You’ll require staying within a pH level ranging from 6.4 to 7.0, with the water hardness of 2 – 5 carbonate hardness (dKh) and the temperature of water ranging from 76°F – 80°F.
With Crowntails you may require to keep a close observation of the tank’s water temperature. It’s very essential because it can make sure the Crowntail’s metabolism is perfect. Sudden movements or changes outside of +- 2°F of the recommended range may result in harm.
Tank-Tip: The light level conditions of the fish tank must be dim.
Using floating plants in your aquarium is always a very good addition; this can support your Crowntail to make a more natural habitat with the bubble nests.
As for substrate, a bare-bottom, fine sand, or gravel are always great for Bettas. As Bettas are able to replicate their traditional habitat, they are best suited to sand.
Compatibility and Tank Mates
The Crowntails are aggressive toward other species. Frankly, it is not to be mentioned as a friendly community fish!
The first rule is, the fish tank should not be overcrowded.
Bettas have their personal area and they always like to be territorial. As a rule, never introduce over a single Crowntail Betta male fish in an aquarium with another betta. The adult Crowntails can fight against each other until one dies.
They usually love to live alone; but, if you are planning to introduce tank mates, populate your fish tank and diversify, then you have some options.
Top-tip: Crowntail Bettas can fight with any other fish that shows its own behavior; aggression, territorial, dominance, and also larger in size.
If you emphasize compatibility then look towards fish breeds that love to swim in the fish tank’s different stratus. As Crowntails dwell in the upper and middle stratus of your fish tank, we are solely looking for bottom-dwellers that are calm and peaceful:
- A good option is Neon-tetras
- Guppies – they are really very fast and can get out of the Betta’s direction
- Shrimp (e.g. Red Cherry or Ghost)
- Frogs (e.g. The African Dwarf Frogs)
If you are placing a Betta fish in an existing aquarium, do not introduce them into the fish tank directly.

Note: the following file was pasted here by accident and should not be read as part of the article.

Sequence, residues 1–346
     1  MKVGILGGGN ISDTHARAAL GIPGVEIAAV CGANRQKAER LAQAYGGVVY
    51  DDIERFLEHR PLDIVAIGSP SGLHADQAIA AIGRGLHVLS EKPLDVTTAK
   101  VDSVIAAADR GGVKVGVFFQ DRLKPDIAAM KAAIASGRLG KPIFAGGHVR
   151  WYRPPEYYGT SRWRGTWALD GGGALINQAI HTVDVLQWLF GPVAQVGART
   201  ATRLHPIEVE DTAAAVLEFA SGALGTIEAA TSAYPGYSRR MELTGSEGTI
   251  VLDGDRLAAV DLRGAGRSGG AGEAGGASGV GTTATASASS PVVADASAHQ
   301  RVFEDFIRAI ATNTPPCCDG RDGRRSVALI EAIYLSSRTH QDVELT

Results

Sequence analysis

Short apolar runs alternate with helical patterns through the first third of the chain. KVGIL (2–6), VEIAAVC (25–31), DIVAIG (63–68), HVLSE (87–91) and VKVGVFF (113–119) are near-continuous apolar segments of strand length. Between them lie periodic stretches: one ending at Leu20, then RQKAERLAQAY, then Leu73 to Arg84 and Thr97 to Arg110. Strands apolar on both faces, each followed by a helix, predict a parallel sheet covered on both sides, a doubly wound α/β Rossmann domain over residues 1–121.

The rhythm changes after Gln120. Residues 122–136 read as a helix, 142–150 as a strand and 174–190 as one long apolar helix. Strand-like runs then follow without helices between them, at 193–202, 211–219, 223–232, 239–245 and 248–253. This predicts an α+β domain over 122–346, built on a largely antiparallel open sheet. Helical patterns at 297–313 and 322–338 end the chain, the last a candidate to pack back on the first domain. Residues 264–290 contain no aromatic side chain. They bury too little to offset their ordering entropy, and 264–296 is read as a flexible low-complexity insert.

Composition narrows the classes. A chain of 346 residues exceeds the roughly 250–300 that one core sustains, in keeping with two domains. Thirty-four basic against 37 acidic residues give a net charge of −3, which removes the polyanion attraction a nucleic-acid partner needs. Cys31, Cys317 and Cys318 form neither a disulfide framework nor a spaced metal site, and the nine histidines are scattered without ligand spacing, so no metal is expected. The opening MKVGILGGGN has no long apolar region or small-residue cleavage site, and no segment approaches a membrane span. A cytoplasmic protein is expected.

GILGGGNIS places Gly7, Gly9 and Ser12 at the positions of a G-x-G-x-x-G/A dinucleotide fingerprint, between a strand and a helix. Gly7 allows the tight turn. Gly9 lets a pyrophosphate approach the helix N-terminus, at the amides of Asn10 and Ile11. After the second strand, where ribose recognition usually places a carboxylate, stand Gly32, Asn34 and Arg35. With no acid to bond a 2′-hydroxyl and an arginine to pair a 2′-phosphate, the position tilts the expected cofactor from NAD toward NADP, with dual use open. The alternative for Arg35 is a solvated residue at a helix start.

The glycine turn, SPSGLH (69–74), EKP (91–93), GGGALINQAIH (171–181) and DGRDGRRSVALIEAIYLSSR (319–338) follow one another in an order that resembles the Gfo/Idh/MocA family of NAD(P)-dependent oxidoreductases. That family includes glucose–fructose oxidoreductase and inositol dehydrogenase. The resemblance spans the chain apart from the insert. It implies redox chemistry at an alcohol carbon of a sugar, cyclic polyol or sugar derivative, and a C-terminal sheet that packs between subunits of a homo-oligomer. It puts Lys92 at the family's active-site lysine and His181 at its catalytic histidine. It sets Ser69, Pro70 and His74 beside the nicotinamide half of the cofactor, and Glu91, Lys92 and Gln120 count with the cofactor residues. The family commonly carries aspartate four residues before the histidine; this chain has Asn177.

Use a plastic cup or Betta cup, or, float on top of the aquarium for half an hour time with the Betta inside.
Observe how it behaves around the other fish in the aquarium. If your Crowntail Betta fish becomes overly aggressive (e.g. gills puffing) then it is not to be in your tank.
Once it is placed in the tank, you should ensure that the Betta isn’t overly aggressive to the other fish.
Diet and Feeding Requirements
The level of care and feeding needs for your Crowntail Betta may range somewhere from moderate to high. These fish are Carnivorous fish that requires a high-protein diet to survive.
As the fish have tiny stomachs you’ll need to serve them feed frequently in small portions. Three times per day is ideal but at a minimum of two times. Try to avoid large feeding sessions to feed the Bettas.
Generally, you’ll need to aim to give a maximum of 2 minutes’ worth of fish food to your Betta in each feeding session regularly.
So, you are overfeeding them; if it takes your Crowntail Betta more than 2 minutes of time to devour. Remove that food that your Betta has not finished within a 2-minute period of time.
A normal sign of overfeeding is that your Crowntail Betta will be constipated which will show a couple of symptoms;
1. Their eyes popping out of their head
2. Body of Crowntails looks swollen
Overfeeding may lead to a wrong nitrogen cycle and can make your Crowntail Betta fish constipated and ultimately sick, which is a big killer for the Bettas.
For all tropical fish, there should be variety in food which is always a decent factor.
Feeding them flakes, pellets, frozen foods, and live foods, are all smart options… providing they’re fed moderately. Bettas are a fussy eaters, therefore we’ve compiled their favorite meals, nutritious foods, and snacks for them;
Frozen Foods (Best for treats and snacks and not usual meals)
- Black Worms
- Brine Shrimp
- Blood Worms
- Black Mosquito Larvae
- White Worms
- Insect Larvae
- Wingless Fruit Flies
- Mosquito Larva
- Betta pellets (2 to 3 pellets every feeding session)
In the wild environment, Crowntail Bettas are terribly hardy and can eat most food sources in their environment; as there are a few selections of food. Their usual diet in the wild consists of larvae, insects worms, and mosquitos.
For optimum growth and vibrant colors of your Bettas, you may need to push a varied diet, full of high protein, and never prohibit fatty amino acids.
Crowntail Betta Breeding